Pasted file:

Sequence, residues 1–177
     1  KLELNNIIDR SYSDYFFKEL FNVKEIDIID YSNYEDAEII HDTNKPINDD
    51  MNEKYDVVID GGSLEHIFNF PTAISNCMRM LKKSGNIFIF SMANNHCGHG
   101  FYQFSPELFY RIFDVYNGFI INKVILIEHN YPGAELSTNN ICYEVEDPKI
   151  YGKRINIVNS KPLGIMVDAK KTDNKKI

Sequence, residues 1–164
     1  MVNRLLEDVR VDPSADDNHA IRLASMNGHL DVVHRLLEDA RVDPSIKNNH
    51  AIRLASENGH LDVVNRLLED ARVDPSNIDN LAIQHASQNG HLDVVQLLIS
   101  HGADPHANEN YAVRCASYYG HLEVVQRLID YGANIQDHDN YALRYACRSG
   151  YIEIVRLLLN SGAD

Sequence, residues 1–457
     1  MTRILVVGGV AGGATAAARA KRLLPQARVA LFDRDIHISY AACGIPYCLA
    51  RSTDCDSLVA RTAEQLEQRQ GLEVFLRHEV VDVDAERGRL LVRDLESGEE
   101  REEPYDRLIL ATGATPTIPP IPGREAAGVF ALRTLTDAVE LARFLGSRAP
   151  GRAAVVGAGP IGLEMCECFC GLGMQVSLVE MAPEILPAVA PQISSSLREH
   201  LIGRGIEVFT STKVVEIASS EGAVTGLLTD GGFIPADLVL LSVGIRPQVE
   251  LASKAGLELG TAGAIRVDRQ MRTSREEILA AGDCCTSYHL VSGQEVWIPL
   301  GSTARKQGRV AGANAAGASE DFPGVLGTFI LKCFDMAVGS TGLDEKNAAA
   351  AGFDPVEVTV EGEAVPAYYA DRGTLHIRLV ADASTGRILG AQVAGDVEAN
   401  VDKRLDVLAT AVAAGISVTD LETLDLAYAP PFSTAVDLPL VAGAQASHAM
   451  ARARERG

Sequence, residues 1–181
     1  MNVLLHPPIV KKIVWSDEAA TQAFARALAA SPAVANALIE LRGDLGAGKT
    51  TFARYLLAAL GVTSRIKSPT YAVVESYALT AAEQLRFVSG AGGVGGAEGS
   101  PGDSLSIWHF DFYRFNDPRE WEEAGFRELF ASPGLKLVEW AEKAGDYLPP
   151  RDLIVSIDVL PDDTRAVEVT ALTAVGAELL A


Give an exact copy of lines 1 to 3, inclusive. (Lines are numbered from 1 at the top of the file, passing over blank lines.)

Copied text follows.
Sequence, residues 1–177
     1  KLELNNIIDR SYSDYFFKEL FNVKEIDIID YSNYEDAEII HDTNKPINDD
    51  MNEKYDVVID GGSLEHIFNF PTAISNCMRM LKKSGNIFIF SMANNHCGHG